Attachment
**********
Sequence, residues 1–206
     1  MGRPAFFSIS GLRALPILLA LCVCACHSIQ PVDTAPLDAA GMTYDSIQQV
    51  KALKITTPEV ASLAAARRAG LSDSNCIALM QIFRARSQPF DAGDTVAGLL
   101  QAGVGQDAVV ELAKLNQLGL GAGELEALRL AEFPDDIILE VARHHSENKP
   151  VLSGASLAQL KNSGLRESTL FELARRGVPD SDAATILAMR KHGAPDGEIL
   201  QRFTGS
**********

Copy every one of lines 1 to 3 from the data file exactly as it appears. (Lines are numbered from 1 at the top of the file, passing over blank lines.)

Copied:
Sequence, residues 1–206
     1  MGRPAFFSIS GLRALPILLA LCVCACHSIQ PVDTAPLDAA GMTYDSIQQV
    51  KALKITTPEV ASLAAARRAG LSDSNCIALM QIFRARSQPF DAGDTVAGLL